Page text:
Other images of a group of strong-armed men rapidly turning a high powered hose on a bush fire, or sliding down a fire pole at top speed to a revving fire truck are Boys-Own Annual pictures where weakness or timidity are not permitted.
This in turn has produced the macho culture for which fire services are so famous- and inevitably unwelcoming of women.
I am making this unwelcoming bit up of course, having never worked for a fire service.
But I am guessing this is the case for two reasons; first, how else do you explain the low representation of women in the senior ranks of an industry which is now highly equipment and resource intensive, focused on prevention and experiencing an ageing workforce.
Second, because where ever you look, other male or female dominated industries have similarly gendered cultures.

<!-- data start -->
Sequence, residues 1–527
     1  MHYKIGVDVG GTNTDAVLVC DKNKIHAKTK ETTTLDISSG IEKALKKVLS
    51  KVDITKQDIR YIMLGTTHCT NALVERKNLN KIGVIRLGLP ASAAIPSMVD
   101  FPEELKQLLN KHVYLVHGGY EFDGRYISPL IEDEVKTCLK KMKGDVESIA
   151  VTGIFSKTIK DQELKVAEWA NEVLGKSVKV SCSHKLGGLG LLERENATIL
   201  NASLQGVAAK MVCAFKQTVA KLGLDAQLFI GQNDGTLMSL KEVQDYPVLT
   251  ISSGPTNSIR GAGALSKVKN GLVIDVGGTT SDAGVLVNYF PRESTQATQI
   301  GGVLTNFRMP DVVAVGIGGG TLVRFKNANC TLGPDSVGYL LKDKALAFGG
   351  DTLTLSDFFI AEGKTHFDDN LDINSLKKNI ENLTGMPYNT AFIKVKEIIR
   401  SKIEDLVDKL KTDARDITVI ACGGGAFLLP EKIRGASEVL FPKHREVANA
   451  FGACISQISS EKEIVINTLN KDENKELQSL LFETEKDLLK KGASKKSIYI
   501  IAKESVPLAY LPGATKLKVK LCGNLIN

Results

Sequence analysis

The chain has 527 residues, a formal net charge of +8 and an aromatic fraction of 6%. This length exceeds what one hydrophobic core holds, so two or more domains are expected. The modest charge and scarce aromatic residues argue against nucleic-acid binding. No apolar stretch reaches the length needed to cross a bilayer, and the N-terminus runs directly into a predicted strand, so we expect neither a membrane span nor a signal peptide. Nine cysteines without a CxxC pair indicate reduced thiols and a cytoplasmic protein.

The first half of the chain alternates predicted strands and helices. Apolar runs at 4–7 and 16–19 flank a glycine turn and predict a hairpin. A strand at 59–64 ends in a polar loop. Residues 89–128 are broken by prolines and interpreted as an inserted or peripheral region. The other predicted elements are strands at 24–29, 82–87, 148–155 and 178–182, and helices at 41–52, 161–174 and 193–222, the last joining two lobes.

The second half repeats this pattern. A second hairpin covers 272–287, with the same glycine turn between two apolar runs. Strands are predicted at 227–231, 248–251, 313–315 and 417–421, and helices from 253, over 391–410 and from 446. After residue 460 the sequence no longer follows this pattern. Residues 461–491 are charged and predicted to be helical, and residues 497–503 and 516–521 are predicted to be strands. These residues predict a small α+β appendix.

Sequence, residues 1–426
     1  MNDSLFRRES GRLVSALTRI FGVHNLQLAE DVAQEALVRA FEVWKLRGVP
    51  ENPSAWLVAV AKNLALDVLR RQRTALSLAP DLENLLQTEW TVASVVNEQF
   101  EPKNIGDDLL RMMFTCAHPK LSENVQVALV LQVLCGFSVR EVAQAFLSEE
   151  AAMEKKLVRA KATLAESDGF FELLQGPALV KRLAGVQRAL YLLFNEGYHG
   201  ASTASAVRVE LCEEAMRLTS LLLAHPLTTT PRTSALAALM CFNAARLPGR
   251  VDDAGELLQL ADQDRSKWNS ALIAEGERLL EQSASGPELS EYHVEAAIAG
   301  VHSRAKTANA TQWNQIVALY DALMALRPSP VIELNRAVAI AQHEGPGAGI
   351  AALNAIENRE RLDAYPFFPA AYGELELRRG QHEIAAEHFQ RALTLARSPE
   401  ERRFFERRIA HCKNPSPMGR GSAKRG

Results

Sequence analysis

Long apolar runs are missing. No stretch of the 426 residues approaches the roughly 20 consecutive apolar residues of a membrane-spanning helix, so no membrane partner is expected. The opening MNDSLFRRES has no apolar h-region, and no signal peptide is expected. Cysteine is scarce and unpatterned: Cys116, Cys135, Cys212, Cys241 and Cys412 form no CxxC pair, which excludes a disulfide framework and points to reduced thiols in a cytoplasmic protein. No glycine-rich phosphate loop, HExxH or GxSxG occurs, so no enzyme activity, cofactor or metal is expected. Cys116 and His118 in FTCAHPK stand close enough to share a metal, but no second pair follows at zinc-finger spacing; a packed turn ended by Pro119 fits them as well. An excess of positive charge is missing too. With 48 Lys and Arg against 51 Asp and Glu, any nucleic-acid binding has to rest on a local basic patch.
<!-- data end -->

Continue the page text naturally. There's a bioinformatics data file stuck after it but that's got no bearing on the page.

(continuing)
They take on the cultural tone of the dominant gender, they sexualize the minority "other" gender.
For example ask any woman in the male dominated construction industry about sexual harassment- no, don"t ask her that first up, ask her if she ever wears a skirt to work when she goes onto a building site, and how often she talks about her private life and whether or not she is married.
You"ll get the picture.
Ask men in teaching, which is now culturally feminine. Teenage boys tell me they would be accused of pedophilia if they took up primary teaching and that they don"t want to be seen as soft and girlie.
This morning I would like to address two issues which I believe go some way to explaining the low numbers of women in this industry and also point to the way out of it:
- Working in a sexually permeated or sexually hostile work environment and,
- Work and family.
Both issues are essentially about the same thing - the disadvantage faced by women in the workforce today.
Why at a time when more women are completing school, entering university and embarking on careers than ever before are we still talking about the workplace disadvantage faced by women? Why are we here this morning?
We are talking about it because there are still pay inequities; gender gaps in many professions; and the existence of a glass ceiling.